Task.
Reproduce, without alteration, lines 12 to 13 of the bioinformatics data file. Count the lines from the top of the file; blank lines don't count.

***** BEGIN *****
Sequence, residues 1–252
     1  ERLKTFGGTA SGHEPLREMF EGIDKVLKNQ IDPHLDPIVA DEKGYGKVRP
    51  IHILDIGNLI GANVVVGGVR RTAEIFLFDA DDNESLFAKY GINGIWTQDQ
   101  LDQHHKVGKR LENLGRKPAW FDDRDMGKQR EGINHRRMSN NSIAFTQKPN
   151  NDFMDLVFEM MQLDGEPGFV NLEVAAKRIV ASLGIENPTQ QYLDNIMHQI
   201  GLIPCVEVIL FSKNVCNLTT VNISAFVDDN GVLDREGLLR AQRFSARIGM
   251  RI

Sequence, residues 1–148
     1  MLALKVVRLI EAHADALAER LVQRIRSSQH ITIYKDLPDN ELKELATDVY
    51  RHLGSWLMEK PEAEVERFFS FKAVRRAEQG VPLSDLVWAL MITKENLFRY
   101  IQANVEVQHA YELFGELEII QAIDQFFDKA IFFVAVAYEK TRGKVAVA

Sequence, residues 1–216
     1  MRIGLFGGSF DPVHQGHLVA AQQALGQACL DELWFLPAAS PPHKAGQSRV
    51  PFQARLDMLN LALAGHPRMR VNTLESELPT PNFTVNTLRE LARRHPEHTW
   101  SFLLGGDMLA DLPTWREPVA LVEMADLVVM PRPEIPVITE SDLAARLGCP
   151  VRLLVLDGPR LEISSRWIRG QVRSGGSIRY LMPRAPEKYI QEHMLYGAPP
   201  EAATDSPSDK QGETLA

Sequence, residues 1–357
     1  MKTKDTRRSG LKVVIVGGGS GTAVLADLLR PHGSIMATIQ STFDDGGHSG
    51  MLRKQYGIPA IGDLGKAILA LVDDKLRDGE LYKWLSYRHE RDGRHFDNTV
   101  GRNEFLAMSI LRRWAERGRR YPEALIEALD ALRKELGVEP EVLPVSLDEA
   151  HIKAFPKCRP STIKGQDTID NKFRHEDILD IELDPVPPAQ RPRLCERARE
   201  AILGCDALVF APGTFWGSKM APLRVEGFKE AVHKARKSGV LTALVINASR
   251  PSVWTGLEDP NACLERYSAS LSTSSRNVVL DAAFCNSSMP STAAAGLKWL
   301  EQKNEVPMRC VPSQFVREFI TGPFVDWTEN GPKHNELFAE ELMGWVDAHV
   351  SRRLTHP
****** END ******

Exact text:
Sequence, residues 1–216
     1  MRIGLFGGSF DPVHQGHLVA AQQALGQACL DELWFLPAAS PPHKAGQSRV